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I generally do not discuss my maladies. I find it counter productive and makes me sound like I’m seeking sympathy. I am not. I do, however, want to make people aware of the debilitating aspect of arthritis. I am a youth of 52 yet I am unable to move well, I have trouble putting my socks on, getting into my truck, walking more than 30 feet, playing with my grandchildren, I cannot dance with my wife, stairs are a daunting prospect, getting a good nights sleep free of the constant pain is only a fuzzy memory of a different time.

Pain is constant but id one seems to find a position where the pain is minimal, we stay there until we need to extract ourselves from it. That process is as painful to watch as it is to endure.

I am a relatively positive person and generally grateful for all that I have but even with those virtues my mind slips to the dark side of resenting the fact that I did not die in my sleep so I did n’t have to face another day of pain, or even worse, ending it by my own hand.  This is not a cry for help. I am not suicidal. I still believe I have too much left to offer the world. I am telling you this not to embellish but to emphasize the effects of this illness. I always thought it was a disease of old people that complained about the cold and rain or whines too much. I never thought it could be this bad. I see people with a slight limp and want to grab them and tell them to GO now start the process of seeing the specialist NOW. I waited a bit too long and now I suffer for it. Although I live in a wonderful city in a beautiful province in the greatest country on earth, I still need to wait 12-14 mos before I get my new hip. That is 6-8 mos longer than the provincially mandated wait time of 6 mos.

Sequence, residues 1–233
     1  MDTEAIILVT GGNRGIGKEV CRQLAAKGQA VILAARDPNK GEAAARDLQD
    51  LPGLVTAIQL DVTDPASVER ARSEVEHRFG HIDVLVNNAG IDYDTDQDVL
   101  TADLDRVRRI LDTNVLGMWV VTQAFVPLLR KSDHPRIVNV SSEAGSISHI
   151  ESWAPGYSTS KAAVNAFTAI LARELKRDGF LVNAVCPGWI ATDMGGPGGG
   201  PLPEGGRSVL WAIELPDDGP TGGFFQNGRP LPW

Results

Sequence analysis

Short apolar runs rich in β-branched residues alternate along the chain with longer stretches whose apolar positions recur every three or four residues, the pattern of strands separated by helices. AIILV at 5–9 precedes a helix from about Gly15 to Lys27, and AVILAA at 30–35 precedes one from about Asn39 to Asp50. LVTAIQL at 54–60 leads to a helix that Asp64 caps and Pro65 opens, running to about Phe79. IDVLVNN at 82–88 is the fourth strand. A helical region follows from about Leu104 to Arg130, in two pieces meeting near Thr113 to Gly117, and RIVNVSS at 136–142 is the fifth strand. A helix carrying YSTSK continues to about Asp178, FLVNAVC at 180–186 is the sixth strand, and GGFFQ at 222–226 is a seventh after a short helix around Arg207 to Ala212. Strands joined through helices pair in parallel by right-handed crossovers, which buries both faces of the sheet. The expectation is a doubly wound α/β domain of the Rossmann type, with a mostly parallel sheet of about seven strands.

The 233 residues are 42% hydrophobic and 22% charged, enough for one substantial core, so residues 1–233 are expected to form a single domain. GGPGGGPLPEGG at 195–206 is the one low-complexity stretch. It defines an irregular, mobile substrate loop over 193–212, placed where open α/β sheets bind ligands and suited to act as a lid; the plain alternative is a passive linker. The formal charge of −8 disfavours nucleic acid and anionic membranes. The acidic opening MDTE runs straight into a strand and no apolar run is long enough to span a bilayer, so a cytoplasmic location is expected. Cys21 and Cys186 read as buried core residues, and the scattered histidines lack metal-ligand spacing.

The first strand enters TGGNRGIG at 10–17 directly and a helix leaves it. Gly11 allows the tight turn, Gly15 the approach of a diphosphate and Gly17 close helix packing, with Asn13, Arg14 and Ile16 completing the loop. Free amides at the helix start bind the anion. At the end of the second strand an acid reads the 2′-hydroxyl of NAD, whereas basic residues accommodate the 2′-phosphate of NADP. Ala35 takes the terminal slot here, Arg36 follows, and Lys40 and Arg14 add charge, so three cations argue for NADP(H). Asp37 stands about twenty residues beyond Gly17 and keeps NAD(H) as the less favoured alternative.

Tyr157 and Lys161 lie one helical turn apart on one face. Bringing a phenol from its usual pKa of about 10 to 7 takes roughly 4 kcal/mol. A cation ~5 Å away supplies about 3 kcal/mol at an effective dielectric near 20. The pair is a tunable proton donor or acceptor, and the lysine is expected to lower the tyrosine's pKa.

My surgeon suggested I join one other person and picket the hospital. Not out of sarcasm but because he felt he was not being heard and that patients might have a stronger voice. I would picket but I can barely walk. Oh the irony!

So, there you have it. A classic example of how our health care system has failed. And yet, I think it is close to one of the best in the world. I would not switch it for a two tier system or anything like the private system in the US. I would, however trim the administrative fat, give incentives to keep specialists where they can be useful and pay for the equipment and people to operate it.

One thing I learned is that I had taken so much for granted. that has changed. You never realize how nice it is to sit on the can in the morning until it becomes a painful chore. Who’d have thought I’d ever be grateful to take a pain free crap?

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